Saturday, January 14, 2017

The Only Prize Medal Awarded at the 1893 World's Columbian Exposition, Chicago, Illinois.

The 1893 World's Columbian Exposition (aka: Chicago World's Fair) official contest winners medallion in fine condition. (see complete history below.) Officially awarded in Bronze ONLY and measures: Diameter: 3" (76mm) - Thickness: 0.2" (5.5mm) - Weight: 7.2 ounces (205 grams). 

The 1893 World's Columbian Exposition in Chicago was a commemoration of the Four Hundredth Anniversary of Christopher Columbus' landing in the New World in 1892. 

THE FRONT (obverse) designed by Augustus Saint-Gaudens reads:

Christopher Columbus
Oct. XII, MDCCCXCII (1892)
Artist Signature: Augustus Saint-Gaudens Fecit

In the background are portions of a ship, an unfurled banner, and three male figures. In the upper right, in the distance, is a symbolic device of ships passing the Pillars of Hercules and the text inscription. 
NOTE: The small hooded figure to the right of Columbus is believed to be the only known self-portrait of Augustus Saint-Gaudens.

THE BACK (reverse) designed by Charles F. Baber (Mint Engraver) Reads:

World's Columbian Exposition in Commemoration of the Four Hundredth Anniversary of the Landing of Columbus. MDCCCXCII (1892) - MDCCCXCIII (1893)
Artist Signature: C. E. Barber Fecit

The medallions were struck by the Scovill Manufacturing Company, Waterbury, Connecticut.


MINTAGE: 400-600 known (References: Eglit 90; Baxter 87; Marqusee 348; Jaeger & Brown 64/53; Tolles p.135; and Weiss BW549.)

1893 WORLD’S FAIR CONTEST AWARDS HISTORY
The 1893 World’s Fair organizers decided to judge the contest prizes a little differently. Instead of competing directly against each other, the exhibitors, in all categories, were judged against a list of criteria that represented a standard of excellence for that category. 

For example, the beer exhibitions. The judges were instructed to score each brew on purity, color, and flavor and assign a score between 0 and 100. All beers that scored an 80 or higher would be awarded a bronze Augustus Saint-Gaudens medallion and a parchment certificate. Things didn’t exactly work out that way once the exposition opened. The beer judges decided to come up with their own scoring system with ranked prizes awarded based on numerical scores in categories of their own creation. The brewers were left to assume that whoever ended the fair with the highest score “won”, never mind that there was, officially, no grand prize and that each medal was bronze and were identically the same as all the other prize medallions given out.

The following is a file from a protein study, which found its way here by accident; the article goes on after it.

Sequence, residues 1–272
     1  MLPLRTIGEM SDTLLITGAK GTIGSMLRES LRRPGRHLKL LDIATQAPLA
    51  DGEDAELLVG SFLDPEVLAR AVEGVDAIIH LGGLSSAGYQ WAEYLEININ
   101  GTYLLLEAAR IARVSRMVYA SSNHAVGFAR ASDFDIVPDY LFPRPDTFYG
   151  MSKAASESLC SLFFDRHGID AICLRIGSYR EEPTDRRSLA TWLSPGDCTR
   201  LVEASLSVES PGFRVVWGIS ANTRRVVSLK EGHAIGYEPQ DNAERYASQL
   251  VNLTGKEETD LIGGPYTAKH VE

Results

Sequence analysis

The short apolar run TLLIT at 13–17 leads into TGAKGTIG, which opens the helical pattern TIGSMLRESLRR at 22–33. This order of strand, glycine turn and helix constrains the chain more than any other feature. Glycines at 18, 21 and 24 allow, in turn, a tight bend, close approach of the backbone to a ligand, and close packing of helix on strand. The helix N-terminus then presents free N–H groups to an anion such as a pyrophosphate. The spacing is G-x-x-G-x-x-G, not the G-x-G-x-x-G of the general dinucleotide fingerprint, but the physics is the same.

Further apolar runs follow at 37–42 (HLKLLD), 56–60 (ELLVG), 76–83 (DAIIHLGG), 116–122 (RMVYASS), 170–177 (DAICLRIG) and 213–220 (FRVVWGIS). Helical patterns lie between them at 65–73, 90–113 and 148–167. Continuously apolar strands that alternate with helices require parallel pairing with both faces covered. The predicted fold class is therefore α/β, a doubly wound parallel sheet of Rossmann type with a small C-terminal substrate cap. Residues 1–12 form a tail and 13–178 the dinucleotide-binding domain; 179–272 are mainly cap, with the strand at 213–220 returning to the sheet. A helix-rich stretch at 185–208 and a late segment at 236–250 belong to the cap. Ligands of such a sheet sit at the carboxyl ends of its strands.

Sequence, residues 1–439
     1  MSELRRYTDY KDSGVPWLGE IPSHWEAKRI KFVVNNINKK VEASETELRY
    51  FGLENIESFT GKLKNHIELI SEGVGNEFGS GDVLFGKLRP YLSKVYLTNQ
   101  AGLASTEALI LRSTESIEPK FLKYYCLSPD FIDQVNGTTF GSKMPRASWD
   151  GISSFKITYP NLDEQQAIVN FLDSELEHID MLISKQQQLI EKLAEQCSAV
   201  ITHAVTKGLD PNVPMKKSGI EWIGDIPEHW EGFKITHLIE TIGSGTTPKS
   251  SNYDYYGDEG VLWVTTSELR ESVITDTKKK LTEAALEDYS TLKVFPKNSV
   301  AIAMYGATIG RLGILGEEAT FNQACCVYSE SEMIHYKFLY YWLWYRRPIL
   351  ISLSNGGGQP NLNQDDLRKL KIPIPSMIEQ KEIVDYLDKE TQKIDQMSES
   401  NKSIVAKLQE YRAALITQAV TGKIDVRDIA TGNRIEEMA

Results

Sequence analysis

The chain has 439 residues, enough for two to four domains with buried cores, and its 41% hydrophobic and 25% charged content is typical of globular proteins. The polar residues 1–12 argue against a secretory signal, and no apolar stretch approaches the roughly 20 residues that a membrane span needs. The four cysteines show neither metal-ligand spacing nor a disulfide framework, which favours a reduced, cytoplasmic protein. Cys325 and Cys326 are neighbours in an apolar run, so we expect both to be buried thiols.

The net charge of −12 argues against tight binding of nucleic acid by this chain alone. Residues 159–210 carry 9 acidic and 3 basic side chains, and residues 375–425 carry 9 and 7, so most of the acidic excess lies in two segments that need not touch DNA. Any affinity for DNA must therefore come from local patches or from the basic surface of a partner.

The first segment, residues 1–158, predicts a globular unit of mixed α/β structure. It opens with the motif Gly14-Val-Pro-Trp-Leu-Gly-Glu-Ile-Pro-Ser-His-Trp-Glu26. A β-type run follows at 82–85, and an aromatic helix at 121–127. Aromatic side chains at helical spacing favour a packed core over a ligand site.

“Awards are designed to indicate some independent and essential excellence in the article exhibited, and as an evidence of advancement in the state of the art represented by it. They will be granted, upon specific points of excellence or advancement, formulated in words by a Board of Judges or Examiners, who will be competent experts; and the evidence of such awards will be parchment certificates, accompanied by bronze medals. Such awards will constitute an enduring, historical record of development and progress, and at the same time afford exhibitors lasting mementoes of their success.”

SOURCE:After Four Centuries the World's Fair. The Discovery of America to be commemorated by an International Exposition. Chicago, ILL., U.S.A. 1893” – Published by: Department of Publicity and Promotion. World's Columbian Exposition, Chicago 1891.
THERE WERE NO GOLD, SILVER, OR ANY TYPE OF RIBBONS (BLUE OR OTHERWISE) OFFICIALLY GIVEN TO CONTESTANTS AT THE 1893 WORLD’S FAIR IN CHICAGO. 
NOTE: Saint-Gaudens’ design for the reverse of this medal was not used, despite the sculptor’s eventual willingness to modify it. It was rejected by the United States Senate Quadro-Centennial Committee because the premature circulation of a photograph of the new design fostered criticism of the youth’s nudity. Saint-Gaudens attempted various modifications but ultimately refused to alter his design, and solicited public support for his cause.

The art world supported him against the committee action, but to no avail. Saint-Gaudens made a model which eliminated the figure altogether, retaining only the inscription. This last model was the one adapted by Mint engraver Charles F. Barber for the final design. Saint-Gaudens’ design of Columbus for the obverse, however, was retained.  Louis Saint-Gaudens assisted his brother with this commission.

READ MORE
OVER 100 BOOKS AND DOCUMENTS ABOUT THE 1893 WORLD'S COLUMBIAN EXPOSITION IN THE DIGITAL RESEARCH LIBRARY OF ILLINOIS HISTORY®. 

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